Google IPO filing leaves out a lot

Google co-founder Sergey Brin in his childhood bedroom in College Park in 2000. In high school, he put up the Earth-rise mural. The room now belongs to his younger brother.
Google co-founder Sergey Brin in his childhood bedroom in College Park in 2000. In high school, he put up the Earth-rise mural. The room now belongs to his younger brother. (Sun file photo by Barbara Haddock Taylor)
Google Inc. had been such a secretive company that when it registered last week for an initial public offering, the crush of people trying to read the filing nearly crashed the Securities and Exchange Commission's website.

Googlephiles found plenty of tantalizing nuggets in the hefty document — the company's financial results, salaries of its top executives and the fact that it will lose the exclusive license to its search technology in 2011.

But the IPO filing left some Google watchers wanting more. To them, the prospectus was almost as noteworthy for what was left out as for what was put in.

Computer makers report how many PCs they've shipped each quarter and automakers say how many cars they sell. But Google didn't disclose how many people use its search engine, how many queries it powers, how often people click on its advertisements or how quickly its traffic is growing.

Some of the omissions were standard. The Mountain View, Calif., company said it planned to raise as much as $2.7 billion by selling stock to the public but left unanswered the question of how many shares it would sell and how much they would cost. Those details probably will be updated as the offering's opening bell draws near.

Also absent were details about the nuts and bolts of how Google's technology works. Wall Streeters would have flipped if Google had divulged the recipe to its secret sauce — the mathematical algorithms it uses to return search results.

"As a public company, we will of course provide you with all information required by law, and we will also do our best to explain our actions," co-founders Larry Page and Sergey Brin wrote in a letter to prospective shareholders enclosed in the filing. "But we will not unnecessarily disclose all of our strengths, strategies and intentions."

But some techies were hoping Google would at least give some more hints about how its technology works.

"How many [computers] do you have?" asked Andy Beal, a vice president for WebSourced Inc., an Internet marketing company based in Morrisville, N.C. "What does it take to power the most-used search engine in the world?"

Many analysts believe Google has linked more than 100,000 server computers to create one of the world's largest supercomputers. But Google has said only that it uses more than 10,000 servers, and the filing was silent on the matter.

Other omissions were more troubling. Although Brin and Page took great pains to assure investors that Google's "Don't be evil" credo would continue to guide their decisions after the IPO, they didn't disclose some information that could reveal conflicts of interest.

At the top of that list is the identity of Google's largest advertising partners.

Google has financial incentive to steer Web searchers to sites that display ads placed by the company because that would boost its chances of collecting revenue, said Danny Sullivan, editor of Search Engine Watch, an industry newsletter.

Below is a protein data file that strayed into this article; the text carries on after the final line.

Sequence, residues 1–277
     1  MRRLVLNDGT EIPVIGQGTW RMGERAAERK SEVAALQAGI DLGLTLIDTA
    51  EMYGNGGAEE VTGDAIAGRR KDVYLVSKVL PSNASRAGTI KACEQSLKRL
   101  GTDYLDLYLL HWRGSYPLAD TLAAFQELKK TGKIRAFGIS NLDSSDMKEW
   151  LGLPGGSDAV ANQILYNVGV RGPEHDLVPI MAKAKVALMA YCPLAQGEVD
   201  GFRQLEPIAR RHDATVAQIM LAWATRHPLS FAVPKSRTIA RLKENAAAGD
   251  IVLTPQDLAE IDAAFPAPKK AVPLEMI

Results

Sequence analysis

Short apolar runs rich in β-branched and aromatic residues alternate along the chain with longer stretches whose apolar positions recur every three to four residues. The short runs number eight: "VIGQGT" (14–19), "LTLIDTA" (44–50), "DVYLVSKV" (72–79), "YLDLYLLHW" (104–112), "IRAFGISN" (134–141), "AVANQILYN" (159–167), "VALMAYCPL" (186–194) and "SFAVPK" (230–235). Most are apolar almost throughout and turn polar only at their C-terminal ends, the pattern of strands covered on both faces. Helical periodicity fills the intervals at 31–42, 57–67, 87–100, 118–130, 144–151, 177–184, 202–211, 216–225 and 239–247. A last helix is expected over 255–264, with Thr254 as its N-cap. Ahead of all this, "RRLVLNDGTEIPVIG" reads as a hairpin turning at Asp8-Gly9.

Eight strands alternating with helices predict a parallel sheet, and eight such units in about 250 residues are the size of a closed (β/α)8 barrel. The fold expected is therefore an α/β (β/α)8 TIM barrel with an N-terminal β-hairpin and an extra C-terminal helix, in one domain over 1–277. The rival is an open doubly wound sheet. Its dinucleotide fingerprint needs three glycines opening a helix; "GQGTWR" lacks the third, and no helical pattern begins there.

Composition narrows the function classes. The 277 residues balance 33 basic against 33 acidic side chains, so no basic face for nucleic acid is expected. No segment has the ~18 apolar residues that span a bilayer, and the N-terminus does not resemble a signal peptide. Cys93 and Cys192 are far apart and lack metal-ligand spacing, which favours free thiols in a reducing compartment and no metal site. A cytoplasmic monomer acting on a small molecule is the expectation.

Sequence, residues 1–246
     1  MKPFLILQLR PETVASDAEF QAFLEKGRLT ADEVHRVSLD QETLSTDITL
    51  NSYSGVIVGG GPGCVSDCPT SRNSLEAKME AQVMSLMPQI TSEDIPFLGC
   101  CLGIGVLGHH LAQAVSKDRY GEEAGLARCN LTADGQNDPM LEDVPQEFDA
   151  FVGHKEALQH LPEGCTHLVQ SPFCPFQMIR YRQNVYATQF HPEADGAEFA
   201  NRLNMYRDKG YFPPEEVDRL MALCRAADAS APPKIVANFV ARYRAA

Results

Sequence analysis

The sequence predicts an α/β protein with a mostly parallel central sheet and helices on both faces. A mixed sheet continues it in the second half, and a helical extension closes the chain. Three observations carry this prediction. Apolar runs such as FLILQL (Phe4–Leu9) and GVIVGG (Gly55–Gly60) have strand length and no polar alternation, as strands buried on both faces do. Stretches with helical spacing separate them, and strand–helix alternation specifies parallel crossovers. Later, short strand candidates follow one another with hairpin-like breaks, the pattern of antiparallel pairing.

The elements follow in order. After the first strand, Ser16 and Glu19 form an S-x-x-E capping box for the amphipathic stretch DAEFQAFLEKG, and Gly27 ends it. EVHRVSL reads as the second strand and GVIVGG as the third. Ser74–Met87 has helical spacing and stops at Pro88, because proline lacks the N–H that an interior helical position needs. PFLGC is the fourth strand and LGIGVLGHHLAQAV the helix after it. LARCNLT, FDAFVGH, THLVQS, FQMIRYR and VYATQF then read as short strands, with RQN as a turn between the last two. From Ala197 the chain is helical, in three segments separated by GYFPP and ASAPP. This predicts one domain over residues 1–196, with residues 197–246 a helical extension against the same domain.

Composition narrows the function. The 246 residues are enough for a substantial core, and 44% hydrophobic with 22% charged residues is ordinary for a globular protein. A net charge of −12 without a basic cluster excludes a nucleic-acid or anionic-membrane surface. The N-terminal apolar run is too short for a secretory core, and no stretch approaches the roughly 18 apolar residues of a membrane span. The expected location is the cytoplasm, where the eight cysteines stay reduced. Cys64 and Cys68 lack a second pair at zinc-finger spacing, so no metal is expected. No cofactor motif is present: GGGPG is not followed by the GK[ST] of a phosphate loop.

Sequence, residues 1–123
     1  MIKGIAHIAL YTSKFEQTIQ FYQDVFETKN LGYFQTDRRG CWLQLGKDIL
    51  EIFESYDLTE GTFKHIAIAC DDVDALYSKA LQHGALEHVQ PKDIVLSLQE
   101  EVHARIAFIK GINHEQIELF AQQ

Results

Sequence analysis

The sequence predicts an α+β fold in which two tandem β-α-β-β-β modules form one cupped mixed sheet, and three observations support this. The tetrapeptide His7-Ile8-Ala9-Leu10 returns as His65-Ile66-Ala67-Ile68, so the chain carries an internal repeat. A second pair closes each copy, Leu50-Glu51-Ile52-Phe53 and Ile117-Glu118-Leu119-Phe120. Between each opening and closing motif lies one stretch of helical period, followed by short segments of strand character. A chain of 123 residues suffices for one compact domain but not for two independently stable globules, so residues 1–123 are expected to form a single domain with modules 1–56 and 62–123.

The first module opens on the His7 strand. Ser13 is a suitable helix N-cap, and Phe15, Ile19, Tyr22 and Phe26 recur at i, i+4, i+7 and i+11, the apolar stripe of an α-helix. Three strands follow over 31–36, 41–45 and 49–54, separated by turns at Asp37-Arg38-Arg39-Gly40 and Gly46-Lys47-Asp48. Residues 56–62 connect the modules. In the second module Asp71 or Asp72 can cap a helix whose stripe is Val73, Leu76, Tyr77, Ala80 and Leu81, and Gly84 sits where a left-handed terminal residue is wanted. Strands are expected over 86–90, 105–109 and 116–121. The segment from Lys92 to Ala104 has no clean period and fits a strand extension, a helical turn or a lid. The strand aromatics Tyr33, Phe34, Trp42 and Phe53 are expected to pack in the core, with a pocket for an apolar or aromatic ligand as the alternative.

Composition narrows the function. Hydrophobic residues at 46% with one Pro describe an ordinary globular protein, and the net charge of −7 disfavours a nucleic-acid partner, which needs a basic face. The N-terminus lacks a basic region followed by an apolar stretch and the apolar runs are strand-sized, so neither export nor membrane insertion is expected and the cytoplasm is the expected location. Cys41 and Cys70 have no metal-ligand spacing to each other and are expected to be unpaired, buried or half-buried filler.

"When you're saying, 'We're pure and innocent,' I think you have to back that up with who your major revenue partners are so we can decide that for ourselves," Sullivan said.

In their letter, Page and Brin said Google didn't let business relationships influence its search results.

"Our search results are the best we know how to produce," they wrote in their "Owner's Manual for Google's Shareholders." "They are unbiased and objective, and we do not accept payment for them."

In the section outlining risks to its business, Google described several lawsuits it faces, including a patent infringement suit by Yahoo Inc. unit Overture Services Inc. and a series of actions stemming from ads Google sells that are tied to searches on trademarked names.

Google's filing omitted one high-profile case involving Digital Envoy Inc., which developed a way to target ads at Web surfers based on geography. The Norcross, Ga.-based company sued Google in March for misusing its technology and asked a federal judge in Atlanta to block Google from using it. Digital Envoy is also seeking a cut of Google's profits.

"Not disclosing it makes no sense to me," said Timothy Kratz, Digital Envoy's lawyer. "It will compound their problem when we turn out to be right about our claim."

John Giovannone, an Orange County securities lawyer with McDermott, Will & Emery, said companies seeking an IPO must disclose all "material" information. If Google left out the Digital Envoy lawsuit, he said, its lawyers must have decided that the suit had little chance of resulting in an injunction against Google or a big verdict that could lead to a hefty payout. If the lawyers turn out to be wrong, Google shareholders could one day sue the company for failing to properly warn them.

"To a certain extent, your S-1 prospectus is your insurance policy," Giovannone said. "If you've disclosed it, you've disclosed it. If you don't, it could come back and bite you."

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